Beyond the Baseline


The Tennis Foundation has partnered with the Youth Sports Trust to deliver an exciting new programme called Beyond the Baseline.

Beyond the Baseline uses tennis and inspirational tennis mentors to nurture students’ aspirations and put them on the path to achieving them. Kingsbury High School’s selected students are lucky to work with Paralympic Wheelchair tennis player and mentor, Louise Hunt, over three sessions.

The Year 9 students were inspired by Louise when hearing about her experiences of playing tennis and the obstacles she has overcome both on and off the court; and they had a series of practical sessions where they learnt the rules of the game, how to umpire, exercises and techniques they can use while playing tennis and they learnt how these skills relate to real life.

The students will use their newly found skills to run tennis sessions for Year 3 and 4 students from surrounding primary schools.

Louise said “I am really excited to be working with the students from Kingsbury High. Last week was my first visit and I was really impressed with the students’ enthusiasm to embrace the Beyond the Baseline programme. I am really looking forward to my up and coming visits and seeing the young peoples’ project taking shape!”

Feeding Britain’s Future


Earlier this year, Kingsbury High School hosted a workshop for Year 9 students facilitated by the Institute of Grocery Distribution (IGD) and Future First. The initiative, called Feeding Britain’s Future, provided students with an insight into the world of work, and supported them in thinking about the skills and strengths they are developing across their academic choices and how they connect to working life.

Volunteers from Greencore Food to Go, Compass Group, Sainsbury’s and Waitrose gave up their time to attend the two hour workshop at Kingsbury High.

Students were invited to guess the jobs of the volunteers by listening to and viewing clues; students then heard about the pathway the volunteers took to get to their chosen careers; and through a series of activities, students were able to look at their own transferable skills and the link between how the subjects they are studying at school can influence their future careers.

Ian Cadwell, Supermarket Assistant on Customer Service and Cheese and Delicatessen Specialist Trainee for Waitrose attended the workshop and said “I thought the workshop was fantastic, the students were very engaging and after initial hesitancy, which I assume were nerves, seemed to open up and asked more in depth questions about our jobs and how we got to where we are today. I remember having similar workshops and found them very beneficial in boosting my confidence and development.

“The students presented themselves in a manner that any employer would be looking for. They were polite, confident, and interested in listening about what we all had to say.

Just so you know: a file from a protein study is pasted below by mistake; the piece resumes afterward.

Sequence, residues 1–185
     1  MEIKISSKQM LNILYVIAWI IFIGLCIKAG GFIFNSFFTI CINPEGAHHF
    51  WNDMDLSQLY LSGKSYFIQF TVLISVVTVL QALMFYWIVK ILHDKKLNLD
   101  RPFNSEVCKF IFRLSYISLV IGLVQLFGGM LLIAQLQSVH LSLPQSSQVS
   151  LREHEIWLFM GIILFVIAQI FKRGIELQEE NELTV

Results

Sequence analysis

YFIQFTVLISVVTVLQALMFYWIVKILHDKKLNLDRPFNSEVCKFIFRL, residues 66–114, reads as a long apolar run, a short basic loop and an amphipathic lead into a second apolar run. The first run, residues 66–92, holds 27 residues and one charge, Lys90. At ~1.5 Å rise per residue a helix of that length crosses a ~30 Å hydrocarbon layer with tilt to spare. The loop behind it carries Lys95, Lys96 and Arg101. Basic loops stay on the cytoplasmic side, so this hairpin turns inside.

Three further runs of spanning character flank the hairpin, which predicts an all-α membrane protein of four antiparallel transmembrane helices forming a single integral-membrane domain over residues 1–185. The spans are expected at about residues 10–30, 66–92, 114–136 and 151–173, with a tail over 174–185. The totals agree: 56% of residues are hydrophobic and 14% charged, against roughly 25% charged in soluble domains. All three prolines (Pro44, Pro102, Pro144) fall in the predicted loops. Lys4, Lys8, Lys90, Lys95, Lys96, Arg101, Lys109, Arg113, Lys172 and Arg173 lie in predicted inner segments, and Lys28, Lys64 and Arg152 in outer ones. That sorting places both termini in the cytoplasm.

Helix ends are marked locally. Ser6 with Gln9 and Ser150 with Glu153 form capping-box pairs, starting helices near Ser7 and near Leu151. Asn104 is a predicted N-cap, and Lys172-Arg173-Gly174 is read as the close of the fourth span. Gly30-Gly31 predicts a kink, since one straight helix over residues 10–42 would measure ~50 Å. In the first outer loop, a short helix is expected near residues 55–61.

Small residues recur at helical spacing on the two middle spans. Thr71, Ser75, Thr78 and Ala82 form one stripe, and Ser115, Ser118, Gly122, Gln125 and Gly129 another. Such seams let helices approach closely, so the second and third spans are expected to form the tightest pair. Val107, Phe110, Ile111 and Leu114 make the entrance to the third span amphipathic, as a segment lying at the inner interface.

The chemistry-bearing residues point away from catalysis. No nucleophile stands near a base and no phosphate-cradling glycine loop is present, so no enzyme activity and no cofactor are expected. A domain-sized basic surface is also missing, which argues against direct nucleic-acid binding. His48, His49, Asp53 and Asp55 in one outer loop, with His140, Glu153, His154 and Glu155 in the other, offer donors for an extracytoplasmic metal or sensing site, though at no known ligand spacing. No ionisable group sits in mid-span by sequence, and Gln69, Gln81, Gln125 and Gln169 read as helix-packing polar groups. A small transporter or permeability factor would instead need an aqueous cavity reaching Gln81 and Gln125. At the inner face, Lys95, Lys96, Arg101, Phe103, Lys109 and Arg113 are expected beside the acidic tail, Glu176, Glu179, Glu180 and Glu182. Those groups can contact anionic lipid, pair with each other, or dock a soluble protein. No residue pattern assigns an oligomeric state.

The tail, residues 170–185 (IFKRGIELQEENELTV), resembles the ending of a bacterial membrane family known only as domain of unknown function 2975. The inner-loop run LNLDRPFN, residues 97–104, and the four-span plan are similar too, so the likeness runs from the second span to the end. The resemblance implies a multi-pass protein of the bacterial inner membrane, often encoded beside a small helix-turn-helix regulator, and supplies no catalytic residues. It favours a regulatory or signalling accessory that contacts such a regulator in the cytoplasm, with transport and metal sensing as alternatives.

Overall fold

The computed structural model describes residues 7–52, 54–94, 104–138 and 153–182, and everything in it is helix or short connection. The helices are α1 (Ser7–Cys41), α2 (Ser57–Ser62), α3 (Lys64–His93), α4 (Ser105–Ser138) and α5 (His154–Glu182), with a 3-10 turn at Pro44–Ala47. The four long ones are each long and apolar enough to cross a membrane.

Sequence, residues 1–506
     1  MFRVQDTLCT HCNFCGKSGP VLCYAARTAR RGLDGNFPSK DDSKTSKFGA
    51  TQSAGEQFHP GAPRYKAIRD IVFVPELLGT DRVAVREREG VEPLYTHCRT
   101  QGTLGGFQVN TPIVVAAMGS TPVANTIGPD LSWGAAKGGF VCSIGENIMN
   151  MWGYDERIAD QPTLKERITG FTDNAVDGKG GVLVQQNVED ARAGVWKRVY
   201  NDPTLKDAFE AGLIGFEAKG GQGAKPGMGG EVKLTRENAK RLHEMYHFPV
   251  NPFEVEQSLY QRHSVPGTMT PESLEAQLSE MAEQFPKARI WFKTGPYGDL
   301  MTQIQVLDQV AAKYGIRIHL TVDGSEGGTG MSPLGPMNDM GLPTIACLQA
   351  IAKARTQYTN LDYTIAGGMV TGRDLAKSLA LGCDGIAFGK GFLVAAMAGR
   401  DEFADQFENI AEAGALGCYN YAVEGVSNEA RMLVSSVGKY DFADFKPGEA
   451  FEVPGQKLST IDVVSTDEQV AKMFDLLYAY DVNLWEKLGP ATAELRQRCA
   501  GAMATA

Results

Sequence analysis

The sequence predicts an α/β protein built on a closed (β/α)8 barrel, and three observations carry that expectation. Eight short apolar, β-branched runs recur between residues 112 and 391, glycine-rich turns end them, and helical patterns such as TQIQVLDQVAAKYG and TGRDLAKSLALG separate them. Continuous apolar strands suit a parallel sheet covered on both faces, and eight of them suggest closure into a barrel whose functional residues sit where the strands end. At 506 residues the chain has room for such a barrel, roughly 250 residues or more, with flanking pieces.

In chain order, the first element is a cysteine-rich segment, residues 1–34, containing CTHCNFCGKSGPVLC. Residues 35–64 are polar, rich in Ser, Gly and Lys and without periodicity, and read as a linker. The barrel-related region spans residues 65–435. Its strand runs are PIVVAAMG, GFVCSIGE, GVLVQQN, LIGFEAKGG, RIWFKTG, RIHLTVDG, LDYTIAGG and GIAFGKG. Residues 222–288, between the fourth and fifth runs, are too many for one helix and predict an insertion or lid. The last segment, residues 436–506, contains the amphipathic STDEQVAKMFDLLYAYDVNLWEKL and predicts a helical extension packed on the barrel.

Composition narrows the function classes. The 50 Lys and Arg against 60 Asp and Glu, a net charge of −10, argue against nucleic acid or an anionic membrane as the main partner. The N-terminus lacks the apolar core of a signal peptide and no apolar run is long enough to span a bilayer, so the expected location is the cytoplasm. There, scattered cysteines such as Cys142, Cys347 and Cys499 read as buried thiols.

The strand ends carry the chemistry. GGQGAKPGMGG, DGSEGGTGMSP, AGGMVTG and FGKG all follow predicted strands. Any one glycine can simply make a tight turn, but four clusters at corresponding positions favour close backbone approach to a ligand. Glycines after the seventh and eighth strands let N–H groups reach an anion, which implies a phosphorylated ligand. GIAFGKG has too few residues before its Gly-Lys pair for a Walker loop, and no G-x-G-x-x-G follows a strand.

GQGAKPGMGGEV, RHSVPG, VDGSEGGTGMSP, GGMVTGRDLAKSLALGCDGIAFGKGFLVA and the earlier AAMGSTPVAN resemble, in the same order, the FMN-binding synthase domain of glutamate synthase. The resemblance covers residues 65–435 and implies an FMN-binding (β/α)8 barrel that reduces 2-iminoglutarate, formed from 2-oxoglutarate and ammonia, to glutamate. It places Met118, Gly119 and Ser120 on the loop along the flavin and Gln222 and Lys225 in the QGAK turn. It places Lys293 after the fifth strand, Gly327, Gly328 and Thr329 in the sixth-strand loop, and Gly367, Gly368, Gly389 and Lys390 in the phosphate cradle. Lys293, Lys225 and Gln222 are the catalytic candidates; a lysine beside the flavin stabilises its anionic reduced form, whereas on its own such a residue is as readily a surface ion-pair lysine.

“I believe the workshop was a great benefit to the students. Their confidence had dramatically changed from when we first started. Even if the students do not want to go into Retail I’m sure the skills they learnt at the Workshop will be all great help.”

Year 9 student, Rilik Osmani, said “I enjoyed the workshop because it inspired me to reach for my goals and to push myself. It taught me that I have to try hard in all subjects, not just the ones I like, because situations can change easily. It also gave me an idea of what subjects you need for different jobs.

“We could all relate to the consumer goods volunteers as they told us about their lives as children and how they got to where they are now. Also, when I realised what amazing jobs some of the volunteers had, I had a picture of what I wanted to be in the future.”

Google Ventures


The Sixth Form welcomed a visit on Tuesday Tuesday 21st April from Peter Read, General Partner of Google Ventures, who gave a fascinating talk on his role as an ‘angel investor’ for entrepreneurs in the technology sector. Outlining the stages of bringing a new idea to market, and what an investor looks for, students were given an insight to some exciting new business ideas and some thoughts on current trends. He answered questions on his day-to-day work, the similarities and differences between his role and the investors on ‘Dragons’ Den’, the risks of becoming an entrepreneur and the value of living and working in other countries. This was an excellent opportunity for our students, provided by the Speakers for Schools organisation, and may perhaps have inspired some of the entrepreneurs of the future.

Prior to the talk, Year 12 students received our annual ‘masterclass’ sessions from Year 13 students, who had a chance to pass on the wisdom of their experiences in the form of tips, advice and revision guidance to their younger peers. These sessions were delivered, on a voluntary basis, by 36 of our Year 13 students who gave up their time at this busy time of the year; and were organised brilliantly by our Head Boy and Head Girl team of Dhaval Shah and Alizay Agha.